Be sure to find a professional who is experienced in legalizing UDUs. The process can be complicated, even for professionals. Not all architects or engineers have this experience.

3: Consult with the San Francisco Department of Building Inspection (DBI)

You or your design professional should contact the San Francisco DBI to discuss your situation. The DBI are there to assist homeowners like you and guide you through the process. If necessary, schedule an appointment to meet with them and share your plans for legalizing the in-law unit. Their staff will provide valuable guidance on complying with the necessary building codes and regulations.

The City may require that you apply for a UDU Review. This review will determine if what you have actually qualifies as a UDU or not. It is based not only on the layout of the unit and its relationship to the main dwelling, but also on whether there are records of it having been rented out in the past.

4: Apply for the Required Permits

With the guidance of your architect or engineer, apply for the necessary permits to legalize your in-law unit. The DBI will provide specific information and requirements for the permit application process. Be prepared to submit accurate plans and documentation that illustrate the modifications needed to bring your unit up to code.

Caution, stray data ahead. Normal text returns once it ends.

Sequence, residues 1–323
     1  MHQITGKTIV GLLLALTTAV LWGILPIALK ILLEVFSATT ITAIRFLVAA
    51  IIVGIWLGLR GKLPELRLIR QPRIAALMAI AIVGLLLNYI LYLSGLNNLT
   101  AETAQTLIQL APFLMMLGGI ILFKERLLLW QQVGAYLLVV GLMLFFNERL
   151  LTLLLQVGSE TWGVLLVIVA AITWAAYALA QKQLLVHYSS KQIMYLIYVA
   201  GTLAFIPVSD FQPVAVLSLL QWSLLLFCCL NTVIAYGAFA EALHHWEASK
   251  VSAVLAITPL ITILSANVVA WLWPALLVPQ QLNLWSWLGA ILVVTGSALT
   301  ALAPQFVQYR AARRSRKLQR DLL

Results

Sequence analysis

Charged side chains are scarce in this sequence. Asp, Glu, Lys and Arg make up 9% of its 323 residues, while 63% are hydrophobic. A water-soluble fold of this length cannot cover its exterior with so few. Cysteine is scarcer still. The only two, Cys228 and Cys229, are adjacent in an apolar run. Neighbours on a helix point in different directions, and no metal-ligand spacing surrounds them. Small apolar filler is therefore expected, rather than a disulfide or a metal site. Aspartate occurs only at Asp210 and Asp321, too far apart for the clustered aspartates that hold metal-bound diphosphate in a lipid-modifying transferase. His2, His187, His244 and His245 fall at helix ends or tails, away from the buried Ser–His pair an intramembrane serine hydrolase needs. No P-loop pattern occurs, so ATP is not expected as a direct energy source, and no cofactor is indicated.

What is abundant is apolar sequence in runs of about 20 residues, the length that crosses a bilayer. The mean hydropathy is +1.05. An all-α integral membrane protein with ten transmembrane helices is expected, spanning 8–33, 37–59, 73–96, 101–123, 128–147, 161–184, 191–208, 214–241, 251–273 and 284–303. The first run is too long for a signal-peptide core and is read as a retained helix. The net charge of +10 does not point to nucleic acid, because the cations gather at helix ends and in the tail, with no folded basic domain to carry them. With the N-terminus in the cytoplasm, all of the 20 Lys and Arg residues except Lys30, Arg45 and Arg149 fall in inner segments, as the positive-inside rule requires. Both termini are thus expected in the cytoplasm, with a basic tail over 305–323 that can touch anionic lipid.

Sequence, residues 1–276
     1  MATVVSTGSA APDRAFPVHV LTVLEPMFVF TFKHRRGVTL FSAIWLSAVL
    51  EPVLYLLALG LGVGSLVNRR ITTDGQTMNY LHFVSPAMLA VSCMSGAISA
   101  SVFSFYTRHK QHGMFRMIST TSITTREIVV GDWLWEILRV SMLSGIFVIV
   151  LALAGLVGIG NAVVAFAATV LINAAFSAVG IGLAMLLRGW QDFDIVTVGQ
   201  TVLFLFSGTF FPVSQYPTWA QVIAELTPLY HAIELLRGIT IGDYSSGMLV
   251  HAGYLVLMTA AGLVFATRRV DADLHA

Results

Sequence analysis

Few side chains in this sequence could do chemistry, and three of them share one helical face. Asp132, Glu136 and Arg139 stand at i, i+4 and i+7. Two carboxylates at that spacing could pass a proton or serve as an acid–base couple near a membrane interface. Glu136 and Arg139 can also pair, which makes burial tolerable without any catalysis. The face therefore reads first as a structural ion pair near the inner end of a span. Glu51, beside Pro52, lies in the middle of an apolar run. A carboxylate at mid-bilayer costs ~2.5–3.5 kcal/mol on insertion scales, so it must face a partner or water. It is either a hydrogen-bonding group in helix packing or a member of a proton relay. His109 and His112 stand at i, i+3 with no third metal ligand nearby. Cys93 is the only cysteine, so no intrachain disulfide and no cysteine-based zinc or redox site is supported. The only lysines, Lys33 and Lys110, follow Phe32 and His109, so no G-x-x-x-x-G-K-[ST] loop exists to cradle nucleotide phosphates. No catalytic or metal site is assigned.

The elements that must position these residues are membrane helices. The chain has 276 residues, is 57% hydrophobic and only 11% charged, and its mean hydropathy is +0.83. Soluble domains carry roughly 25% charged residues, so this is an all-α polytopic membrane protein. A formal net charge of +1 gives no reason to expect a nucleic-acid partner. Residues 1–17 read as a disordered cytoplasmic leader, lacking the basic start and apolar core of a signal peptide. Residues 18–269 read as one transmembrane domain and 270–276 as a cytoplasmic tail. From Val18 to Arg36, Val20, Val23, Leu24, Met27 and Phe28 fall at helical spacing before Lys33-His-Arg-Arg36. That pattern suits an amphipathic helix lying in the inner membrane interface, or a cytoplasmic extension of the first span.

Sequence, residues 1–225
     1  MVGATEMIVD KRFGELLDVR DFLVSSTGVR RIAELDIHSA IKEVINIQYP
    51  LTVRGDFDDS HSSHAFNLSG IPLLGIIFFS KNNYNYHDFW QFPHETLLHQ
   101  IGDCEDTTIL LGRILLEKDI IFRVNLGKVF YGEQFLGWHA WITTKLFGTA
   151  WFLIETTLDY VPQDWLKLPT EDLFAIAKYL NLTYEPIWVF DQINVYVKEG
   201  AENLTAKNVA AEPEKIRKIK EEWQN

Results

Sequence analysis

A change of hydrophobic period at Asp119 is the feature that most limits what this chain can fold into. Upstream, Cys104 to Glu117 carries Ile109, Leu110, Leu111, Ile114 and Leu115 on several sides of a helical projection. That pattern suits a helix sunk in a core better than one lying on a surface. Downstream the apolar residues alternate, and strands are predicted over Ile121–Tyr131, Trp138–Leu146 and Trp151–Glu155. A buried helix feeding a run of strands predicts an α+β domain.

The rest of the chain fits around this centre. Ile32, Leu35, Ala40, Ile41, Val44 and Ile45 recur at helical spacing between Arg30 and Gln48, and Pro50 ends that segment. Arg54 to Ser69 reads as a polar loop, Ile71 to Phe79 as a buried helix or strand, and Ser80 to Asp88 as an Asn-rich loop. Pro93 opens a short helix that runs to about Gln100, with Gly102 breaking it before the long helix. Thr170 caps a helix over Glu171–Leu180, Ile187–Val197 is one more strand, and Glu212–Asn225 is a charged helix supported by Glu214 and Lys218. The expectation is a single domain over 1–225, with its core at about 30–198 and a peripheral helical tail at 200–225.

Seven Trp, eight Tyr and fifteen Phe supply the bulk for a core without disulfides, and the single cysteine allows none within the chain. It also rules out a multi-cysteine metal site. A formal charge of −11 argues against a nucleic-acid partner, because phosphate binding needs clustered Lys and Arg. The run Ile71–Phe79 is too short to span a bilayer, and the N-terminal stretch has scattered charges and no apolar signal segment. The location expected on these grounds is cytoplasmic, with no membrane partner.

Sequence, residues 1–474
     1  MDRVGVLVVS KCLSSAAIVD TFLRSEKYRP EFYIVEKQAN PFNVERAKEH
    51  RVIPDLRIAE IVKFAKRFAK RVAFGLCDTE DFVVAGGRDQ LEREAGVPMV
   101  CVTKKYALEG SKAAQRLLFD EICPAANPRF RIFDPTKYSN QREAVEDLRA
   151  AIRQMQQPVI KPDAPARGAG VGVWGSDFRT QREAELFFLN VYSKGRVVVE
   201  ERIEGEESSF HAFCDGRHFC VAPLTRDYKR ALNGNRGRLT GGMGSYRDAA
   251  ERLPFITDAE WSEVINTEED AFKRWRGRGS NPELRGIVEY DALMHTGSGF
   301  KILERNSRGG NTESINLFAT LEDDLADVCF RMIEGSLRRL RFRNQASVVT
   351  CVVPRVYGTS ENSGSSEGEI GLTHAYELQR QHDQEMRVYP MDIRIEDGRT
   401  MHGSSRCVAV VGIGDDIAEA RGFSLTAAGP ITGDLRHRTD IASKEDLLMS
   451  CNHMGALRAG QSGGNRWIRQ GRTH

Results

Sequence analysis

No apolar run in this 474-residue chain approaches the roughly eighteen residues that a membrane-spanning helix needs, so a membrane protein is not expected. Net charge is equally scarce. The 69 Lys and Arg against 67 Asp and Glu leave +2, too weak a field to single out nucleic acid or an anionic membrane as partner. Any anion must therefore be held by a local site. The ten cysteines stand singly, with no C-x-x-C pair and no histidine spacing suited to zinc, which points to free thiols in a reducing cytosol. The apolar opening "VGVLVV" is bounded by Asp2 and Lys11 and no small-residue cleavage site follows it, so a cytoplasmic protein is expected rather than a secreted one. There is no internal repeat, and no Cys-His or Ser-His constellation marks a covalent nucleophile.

Several departments will review your application: Planning, Building, Public Works. Building has different desks who will also review your documents including structural, mechanical, and electrical. Sometimes the Fire Department needs to review the application as well, depending on if there will be more than 3 units in your building when the project is legalized.

5: Make the Required Modifications

Working closely with your builder and your architect, make the necessary modifications to your in-law unit as indicated by the approved plans. This could involve raising ceilings, installing additional windows for natural light and egress, and creating a proper legal entrance. Ensure that all modifications meet the standards set forth by the building codes and safety regulations.